Ours should be about 30k, it will be 16 square metres. We are having bi fold doors. We haven't decided yet on orangery or extension yet, just getting the quotes in from architects.

ozzia Wed 15-Jul-15 10:23:23

Eeek, I think I may have under budgeted

prepperpig Wed 15-Jul-15 10:30:16

An orangery is often more expensive than an extension due to the cost of the glass and the lantern in particular.

You can get a conservatory for much less but having had one I wouldn't have one again. Dead flies galore, freezing in winter in our climate and boiling in the summer months. You simply can't imagine how many insects will come to your conservatory to die.

Orangeries look beautiful but again are not ideal with our climate.

mandy214 Wed 15-Jul-15 10:38:08

I think £30k for 16 square metres, plus bi fold doors is very cheap. Where are you hoolio?

ozzia Wed 15-Jul-15 11:11:51

I keep watching things like double your house for half the money and they seem to get the work done so cheaply, I don't understand how they manage it!

hooliodancer Wed 15-Jul-15 11:44:30

In Surrey, that's what 2 architects have said anyway. There will be nothing in it, just a box really as it will be a dining room. It works out at 1.5k per square metre plus the fees for architects etc,

bilbodog Wed 15-Jul-15 12:14:31

i've lived with kitchen/conservatories for about 13 years and absolutely love it. Yes, it could get hot in summer but just make sure it has roof vents and open all the doors and windows - it faced south/east so got beautiful sun in the morning which in summer disappeared from about 3 pm onwards. Was gorgeous in winter when it was cold outside but the sun would stream in. I also had an AGA in the kitchen so this kept it warm enough through winter. I can't wait to have enough money to build another one on my current house.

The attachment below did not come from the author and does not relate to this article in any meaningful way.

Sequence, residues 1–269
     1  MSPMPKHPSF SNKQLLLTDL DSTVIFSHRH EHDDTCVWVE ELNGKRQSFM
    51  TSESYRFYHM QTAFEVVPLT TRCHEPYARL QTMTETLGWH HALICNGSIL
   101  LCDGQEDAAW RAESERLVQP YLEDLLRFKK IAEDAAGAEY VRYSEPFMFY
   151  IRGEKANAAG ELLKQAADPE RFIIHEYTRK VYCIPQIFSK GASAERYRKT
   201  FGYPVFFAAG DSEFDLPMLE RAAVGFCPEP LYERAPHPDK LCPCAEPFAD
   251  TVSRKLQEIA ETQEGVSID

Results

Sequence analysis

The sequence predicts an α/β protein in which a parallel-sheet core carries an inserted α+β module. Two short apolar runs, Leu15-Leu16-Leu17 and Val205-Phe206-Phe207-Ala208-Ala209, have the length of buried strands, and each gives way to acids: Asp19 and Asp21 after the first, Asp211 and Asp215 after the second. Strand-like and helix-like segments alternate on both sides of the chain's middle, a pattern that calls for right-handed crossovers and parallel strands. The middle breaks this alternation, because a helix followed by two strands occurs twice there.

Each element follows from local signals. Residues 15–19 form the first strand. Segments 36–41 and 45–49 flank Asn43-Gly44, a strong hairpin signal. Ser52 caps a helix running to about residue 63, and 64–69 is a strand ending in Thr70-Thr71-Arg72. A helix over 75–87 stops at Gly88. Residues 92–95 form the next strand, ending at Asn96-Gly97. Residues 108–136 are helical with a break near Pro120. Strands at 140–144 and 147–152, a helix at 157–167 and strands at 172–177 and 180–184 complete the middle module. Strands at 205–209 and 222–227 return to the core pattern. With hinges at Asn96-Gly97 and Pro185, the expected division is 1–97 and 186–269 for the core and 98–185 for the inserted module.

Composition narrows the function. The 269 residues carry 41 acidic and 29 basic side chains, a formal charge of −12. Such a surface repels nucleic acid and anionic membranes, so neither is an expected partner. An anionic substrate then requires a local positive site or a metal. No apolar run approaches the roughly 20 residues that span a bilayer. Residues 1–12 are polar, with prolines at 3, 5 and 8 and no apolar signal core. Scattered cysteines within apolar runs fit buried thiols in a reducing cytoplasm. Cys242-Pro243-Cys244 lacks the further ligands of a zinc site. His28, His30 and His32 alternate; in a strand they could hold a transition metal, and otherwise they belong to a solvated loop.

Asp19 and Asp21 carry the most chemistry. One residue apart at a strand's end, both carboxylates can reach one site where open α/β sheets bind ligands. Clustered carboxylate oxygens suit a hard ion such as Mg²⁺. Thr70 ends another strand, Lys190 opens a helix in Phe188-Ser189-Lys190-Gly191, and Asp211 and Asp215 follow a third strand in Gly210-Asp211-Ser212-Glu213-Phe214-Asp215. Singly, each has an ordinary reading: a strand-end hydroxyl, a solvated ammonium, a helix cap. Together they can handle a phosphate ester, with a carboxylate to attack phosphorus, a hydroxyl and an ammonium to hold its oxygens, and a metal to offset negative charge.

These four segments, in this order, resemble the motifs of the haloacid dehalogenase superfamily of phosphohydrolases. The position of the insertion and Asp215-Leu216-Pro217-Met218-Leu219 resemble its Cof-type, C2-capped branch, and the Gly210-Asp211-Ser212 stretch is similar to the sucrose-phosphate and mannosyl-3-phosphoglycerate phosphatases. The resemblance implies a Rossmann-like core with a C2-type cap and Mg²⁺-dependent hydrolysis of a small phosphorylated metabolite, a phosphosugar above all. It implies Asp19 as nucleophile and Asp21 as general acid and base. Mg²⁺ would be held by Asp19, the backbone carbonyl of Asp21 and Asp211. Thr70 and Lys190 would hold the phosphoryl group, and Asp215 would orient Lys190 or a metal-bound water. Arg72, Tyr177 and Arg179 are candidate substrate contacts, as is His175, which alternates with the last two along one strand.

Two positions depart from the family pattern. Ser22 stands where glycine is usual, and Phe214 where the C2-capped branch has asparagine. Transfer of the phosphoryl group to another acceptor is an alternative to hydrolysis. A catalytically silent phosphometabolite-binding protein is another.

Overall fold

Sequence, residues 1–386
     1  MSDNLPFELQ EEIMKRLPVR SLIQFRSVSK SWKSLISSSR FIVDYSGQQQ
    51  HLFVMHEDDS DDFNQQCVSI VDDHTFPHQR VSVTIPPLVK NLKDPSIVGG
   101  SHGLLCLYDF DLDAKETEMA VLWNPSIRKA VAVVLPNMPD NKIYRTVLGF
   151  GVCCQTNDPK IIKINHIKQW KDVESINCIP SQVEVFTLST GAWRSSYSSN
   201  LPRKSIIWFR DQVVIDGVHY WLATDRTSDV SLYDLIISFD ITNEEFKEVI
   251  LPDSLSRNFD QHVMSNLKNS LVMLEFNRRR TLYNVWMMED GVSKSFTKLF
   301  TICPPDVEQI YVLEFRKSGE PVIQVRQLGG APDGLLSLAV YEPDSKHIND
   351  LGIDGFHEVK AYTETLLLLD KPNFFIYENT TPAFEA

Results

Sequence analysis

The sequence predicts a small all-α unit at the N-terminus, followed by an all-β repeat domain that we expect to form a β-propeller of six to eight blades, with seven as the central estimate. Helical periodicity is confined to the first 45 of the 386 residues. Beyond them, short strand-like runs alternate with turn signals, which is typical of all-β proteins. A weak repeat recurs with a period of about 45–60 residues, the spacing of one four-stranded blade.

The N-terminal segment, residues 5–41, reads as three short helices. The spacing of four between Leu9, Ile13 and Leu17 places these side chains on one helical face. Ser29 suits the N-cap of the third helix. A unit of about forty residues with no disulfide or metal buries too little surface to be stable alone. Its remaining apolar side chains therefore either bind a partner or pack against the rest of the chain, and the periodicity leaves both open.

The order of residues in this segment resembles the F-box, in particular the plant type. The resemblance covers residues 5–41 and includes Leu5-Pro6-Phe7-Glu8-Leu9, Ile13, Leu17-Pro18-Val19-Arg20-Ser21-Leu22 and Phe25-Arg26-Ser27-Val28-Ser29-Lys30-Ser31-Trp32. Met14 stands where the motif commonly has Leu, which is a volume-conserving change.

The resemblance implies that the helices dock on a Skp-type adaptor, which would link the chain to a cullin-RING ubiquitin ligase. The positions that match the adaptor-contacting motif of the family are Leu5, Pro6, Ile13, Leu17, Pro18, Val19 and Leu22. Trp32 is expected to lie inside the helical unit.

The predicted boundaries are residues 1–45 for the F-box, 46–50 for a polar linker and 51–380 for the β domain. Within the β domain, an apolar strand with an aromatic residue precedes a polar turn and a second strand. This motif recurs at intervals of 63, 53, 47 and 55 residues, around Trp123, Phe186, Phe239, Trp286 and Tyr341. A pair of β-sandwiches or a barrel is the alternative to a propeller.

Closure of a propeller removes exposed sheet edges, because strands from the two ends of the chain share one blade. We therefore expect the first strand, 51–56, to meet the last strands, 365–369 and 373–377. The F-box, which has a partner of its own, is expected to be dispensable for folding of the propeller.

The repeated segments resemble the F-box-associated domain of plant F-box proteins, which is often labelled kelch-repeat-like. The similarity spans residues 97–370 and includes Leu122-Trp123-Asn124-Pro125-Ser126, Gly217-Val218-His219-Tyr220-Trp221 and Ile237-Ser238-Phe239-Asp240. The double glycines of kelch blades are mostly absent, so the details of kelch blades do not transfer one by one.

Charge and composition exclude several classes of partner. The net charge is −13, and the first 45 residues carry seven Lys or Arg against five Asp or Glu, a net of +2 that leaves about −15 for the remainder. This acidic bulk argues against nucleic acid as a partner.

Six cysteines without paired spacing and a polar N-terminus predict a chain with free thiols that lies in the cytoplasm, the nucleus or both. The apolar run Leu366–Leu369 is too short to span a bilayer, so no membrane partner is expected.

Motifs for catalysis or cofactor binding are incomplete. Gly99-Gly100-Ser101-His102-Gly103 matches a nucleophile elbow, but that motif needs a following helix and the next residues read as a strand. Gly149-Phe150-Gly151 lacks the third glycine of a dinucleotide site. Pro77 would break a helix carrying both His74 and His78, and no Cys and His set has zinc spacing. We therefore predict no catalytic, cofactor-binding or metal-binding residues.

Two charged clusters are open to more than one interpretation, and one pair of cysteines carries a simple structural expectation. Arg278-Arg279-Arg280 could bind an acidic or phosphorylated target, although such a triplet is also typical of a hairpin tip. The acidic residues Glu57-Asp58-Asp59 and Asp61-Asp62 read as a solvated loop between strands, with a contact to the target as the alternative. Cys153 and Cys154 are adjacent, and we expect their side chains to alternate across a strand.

ozzia Wed 15-Jul-15 12:52:28

Bilbodog did you leave the doors inbetween the two areas or have it as part of them room? How was it in the rain, I did have the thought of "is it stupidly noisy in the rain"

prepperpig Wed 15-Jul-15 17:22:48

You now need a thermal break between the two rooms

Fruityflapjack Wed 15-Jul-15 17:27:07

We have an orangery. It's 4mx3m. It's has no internal doors dividing it so it's integrated with the kitchen/diner.

It's brilliantly insulated and has a small electric radiator which is cheap to run. In the winter we actually saved cash as we live in the back of the house now during the day so just had that on and not the main central heating.

We have sails in the glass roof to keep the heat down in the summer, we are South/East facing so full sun until about 2pm.

We wanted bifold doors but cost was silly (about 2k) so we have massive patio doors which open to 180 degrees so get a similar effect.

We had other works done at the time but full cost for building and finish was about £17k.

We line in the midlands Btw.

Fruityflapjack Wed 15-Jul-15 17:28:44

Oh, if we sell the house we'd have to put in internal doors between the orangery and the house. For the planning purposes (we had it done just before the changed) we had internal doors on the plans.

ozzia Thu 16-Jul-15 09:11:45

17k seems very reasonable! Its great to know it can be that sort of price. Long term we will add a new kitchen in there too but I think we'd start with the extension and just leave the floor as concrete until we sorted the plans for the kitchen.

MrsJamin Thu 16-Jul-15 18:28:27

Had a sun room in the house we're now extending, it was only nice for about 4 weeks a year when it was a sunny spring or autumn day. I'd just do an extension with some bifolds instead.

ozzia Thu 16-Jul-15 21:49:33

I think I'll get quotes for all options and then we can decide from there. I just want it to be lovely and bright